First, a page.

After such a mild winter, buds are bursting and flowers blooming all over the place here. I stopped working on the cottage garden last year when my left knee flared up and after a couple of months, my previous weeks of hard work couldn't be seen. Then I had the operation on my foot and spent the rest of the summer recuperating, so the garden progressed so far, then went into reverse!
During a recent spell of fine spring weather, and with my right knee now in flare instead of the left (grrr!) I've been getting twitchy, wanting to get on and turn the weedy patch full of brambles into my vision for the back garden. So I put on my new socks (such snuggly bliss!) and workboots, tied my hair back, took some painkillers to try to silence the nagging pain in my knees and went out to look at the result of several months of neglect.
Last year, I cut down and dug out almost all of the bramble I could find. My first job when I get out there again will be to cut down and dig out all the brambles (with thick gloves and sleeves on!). The blasted things are everywhere again; obviously there are still a lot of roots in the soil, and it looks like some of the stems are three metres long. Zooming away at a centimetre or more a day! Apart from the brambles, the other difficult jobs will be to get the remaining stumps out and move the massive ferns from between the cracks in the slate 'paving'. And building the raised beds. And getting compost into them. It's quite a small garden, but not easily accessible, even if I could lift heavy loads and work for hours like I used to.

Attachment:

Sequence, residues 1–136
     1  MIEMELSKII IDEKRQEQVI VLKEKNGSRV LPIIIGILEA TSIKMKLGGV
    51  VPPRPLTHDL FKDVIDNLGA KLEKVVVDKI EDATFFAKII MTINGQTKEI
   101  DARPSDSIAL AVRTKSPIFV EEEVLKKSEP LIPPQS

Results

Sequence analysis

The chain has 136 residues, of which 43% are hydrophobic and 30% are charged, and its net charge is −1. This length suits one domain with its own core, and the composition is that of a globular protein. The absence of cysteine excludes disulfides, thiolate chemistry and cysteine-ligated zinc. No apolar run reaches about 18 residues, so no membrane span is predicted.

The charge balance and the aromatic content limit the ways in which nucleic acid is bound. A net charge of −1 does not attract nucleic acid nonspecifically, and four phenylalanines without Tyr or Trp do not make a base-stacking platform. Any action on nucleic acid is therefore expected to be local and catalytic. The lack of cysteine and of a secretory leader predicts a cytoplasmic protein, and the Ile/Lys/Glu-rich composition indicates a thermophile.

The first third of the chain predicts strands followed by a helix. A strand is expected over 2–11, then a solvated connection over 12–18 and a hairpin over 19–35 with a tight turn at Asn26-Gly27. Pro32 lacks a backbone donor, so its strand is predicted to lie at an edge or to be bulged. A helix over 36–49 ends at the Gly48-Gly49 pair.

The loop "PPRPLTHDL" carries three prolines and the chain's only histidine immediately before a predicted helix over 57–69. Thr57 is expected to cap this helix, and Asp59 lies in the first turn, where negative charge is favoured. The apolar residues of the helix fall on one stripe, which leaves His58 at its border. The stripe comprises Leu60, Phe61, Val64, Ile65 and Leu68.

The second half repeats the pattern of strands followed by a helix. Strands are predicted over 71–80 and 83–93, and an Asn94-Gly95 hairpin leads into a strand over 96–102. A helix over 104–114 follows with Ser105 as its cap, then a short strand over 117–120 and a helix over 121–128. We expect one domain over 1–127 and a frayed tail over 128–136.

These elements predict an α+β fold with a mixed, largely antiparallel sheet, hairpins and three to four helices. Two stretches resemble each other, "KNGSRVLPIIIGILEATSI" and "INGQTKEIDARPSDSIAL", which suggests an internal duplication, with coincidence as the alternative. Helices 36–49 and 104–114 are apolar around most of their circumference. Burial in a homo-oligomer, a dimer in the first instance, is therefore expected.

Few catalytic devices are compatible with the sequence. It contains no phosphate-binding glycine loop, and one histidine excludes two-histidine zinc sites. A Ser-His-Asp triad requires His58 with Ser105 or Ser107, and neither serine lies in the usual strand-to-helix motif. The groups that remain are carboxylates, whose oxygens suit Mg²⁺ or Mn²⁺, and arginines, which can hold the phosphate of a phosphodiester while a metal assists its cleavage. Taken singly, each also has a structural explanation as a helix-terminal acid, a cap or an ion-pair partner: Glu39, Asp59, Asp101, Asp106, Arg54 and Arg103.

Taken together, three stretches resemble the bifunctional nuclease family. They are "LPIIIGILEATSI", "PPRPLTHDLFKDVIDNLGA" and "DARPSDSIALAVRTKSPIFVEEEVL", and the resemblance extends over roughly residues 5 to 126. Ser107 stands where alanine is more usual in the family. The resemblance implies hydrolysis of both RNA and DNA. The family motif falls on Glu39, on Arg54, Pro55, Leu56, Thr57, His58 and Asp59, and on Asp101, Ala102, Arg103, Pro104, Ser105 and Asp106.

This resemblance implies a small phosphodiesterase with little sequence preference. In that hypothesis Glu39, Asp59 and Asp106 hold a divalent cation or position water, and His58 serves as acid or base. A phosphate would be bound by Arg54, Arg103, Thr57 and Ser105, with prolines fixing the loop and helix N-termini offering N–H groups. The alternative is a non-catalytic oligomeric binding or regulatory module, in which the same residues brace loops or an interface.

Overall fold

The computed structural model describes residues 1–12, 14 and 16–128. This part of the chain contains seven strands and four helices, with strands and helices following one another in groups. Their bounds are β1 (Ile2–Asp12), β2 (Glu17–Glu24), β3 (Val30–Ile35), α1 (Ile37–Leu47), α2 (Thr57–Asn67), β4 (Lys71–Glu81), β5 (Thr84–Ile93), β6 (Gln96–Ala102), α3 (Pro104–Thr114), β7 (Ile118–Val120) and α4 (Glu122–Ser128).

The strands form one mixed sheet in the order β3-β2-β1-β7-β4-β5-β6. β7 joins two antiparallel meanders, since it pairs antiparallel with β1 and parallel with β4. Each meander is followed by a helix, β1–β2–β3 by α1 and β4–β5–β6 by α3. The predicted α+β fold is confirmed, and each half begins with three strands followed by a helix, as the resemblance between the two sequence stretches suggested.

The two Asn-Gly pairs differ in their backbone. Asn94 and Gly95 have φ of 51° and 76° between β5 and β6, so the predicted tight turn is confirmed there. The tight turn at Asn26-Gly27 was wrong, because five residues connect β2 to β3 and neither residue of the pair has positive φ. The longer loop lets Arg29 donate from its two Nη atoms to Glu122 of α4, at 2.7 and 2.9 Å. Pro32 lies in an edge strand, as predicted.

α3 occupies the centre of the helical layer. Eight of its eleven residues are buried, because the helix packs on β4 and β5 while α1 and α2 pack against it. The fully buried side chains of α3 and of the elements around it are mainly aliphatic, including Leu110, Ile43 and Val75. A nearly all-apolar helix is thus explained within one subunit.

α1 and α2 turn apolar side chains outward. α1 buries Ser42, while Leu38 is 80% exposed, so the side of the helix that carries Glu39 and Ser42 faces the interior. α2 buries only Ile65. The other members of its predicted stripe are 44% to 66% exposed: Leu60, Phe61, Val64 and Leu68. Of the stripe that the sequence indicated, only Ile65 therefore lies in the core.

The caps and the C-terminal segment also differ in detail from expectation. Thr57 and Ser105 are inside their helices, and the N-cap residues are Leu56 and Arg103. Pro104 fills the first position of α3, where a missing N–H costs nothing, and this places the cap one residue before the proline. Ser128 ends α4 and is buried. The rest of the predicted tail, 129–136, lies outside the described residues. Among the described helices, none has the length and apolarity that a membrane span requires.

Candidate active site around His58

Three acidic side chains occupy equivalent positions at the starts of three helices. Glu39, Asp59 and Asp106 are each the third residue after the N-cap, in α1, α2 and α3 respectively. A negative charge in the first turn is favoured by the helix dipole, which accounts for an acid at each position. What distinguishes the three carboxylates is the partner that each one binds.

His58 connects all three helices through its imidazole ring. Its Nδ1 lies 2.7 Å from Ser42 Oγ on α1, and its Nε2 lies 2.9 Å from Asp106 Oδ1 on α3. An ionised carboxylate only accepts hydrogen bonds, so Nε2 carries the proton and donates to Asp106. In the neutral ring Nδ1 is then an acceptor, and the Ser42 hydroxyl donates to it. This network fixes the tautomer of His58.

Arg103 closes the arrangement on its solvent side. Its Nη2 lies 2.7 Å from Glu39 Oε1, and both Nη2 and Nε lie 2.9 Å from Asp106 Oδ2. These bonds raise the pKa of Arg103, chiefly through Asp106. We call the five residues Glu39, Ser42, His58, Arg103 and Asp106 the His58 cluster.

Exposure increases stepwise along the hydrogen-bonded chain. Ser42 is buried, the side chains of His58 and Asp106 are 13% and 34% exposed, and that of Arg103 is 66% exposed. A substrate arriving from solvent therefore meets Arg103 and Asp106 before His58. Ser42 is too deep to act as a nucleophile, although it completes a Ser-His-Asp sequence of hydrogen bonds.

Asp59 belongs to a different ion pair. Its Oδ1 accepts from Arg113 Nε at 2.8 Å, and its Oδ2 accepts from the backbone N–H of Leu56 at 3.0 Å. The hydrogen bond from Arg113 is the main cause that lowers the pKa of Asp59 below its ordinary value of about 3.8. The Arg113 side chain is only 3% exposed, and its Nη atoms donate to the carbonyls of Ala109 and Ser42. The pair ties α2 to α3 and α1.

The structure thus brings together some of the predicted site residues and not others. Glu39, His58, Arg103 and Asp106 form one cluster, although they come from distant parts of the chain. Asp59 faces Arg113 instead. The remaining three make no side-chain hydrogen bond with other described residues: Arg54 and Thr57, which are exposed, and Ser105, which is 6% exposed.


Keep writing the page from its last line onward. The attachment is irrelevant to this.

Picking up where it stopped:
Despite all the work to do, I came back in over an hour later feeling motivated and ready for a cup of tea. With my handmade woollen socks on instead of my usual cotton socks, my toes were toasty warm and comfortable. While I drank my tea, I fished out some more sock yarn and looked for another pattern, to start yet another pair of socks. I have quite a few patterns queued up and started looking at a few with interesting features like spiral construction and strange heels. You know things are a bit too advanced when you read through the instructions and find you still know nothing, so I plumped for another 'vanilla' pair of top/cuff down socks. These have yet another way of doing the heel - an 'afterthought' heel, which looks like the same technique as the thumb hole used on the Evenstar fingerless mitts.
Much as I'm chuffed with my first two pairs of socks, I have to admit they are a bit baggy and could do with some more negative ease. I was wondering about this, as the 'stitches per inch times inches required' formula I followed when I started my legwarmers resulted in a top cuff which would fall down. I Googled around and found a couple of comments which adjusted the formula to 'stitches per inch times inches minus 10%'. The existing 72 stitches was a few less than the original calculation required, so I reckoned it was safe to do away with a few more and cast on 68 sts (17 per needle).
I'm loving the self-patterning yarns I bought (drops Fabel prints). You just knit around and a pattern appears! I think I may be getting addicted to knitting socks!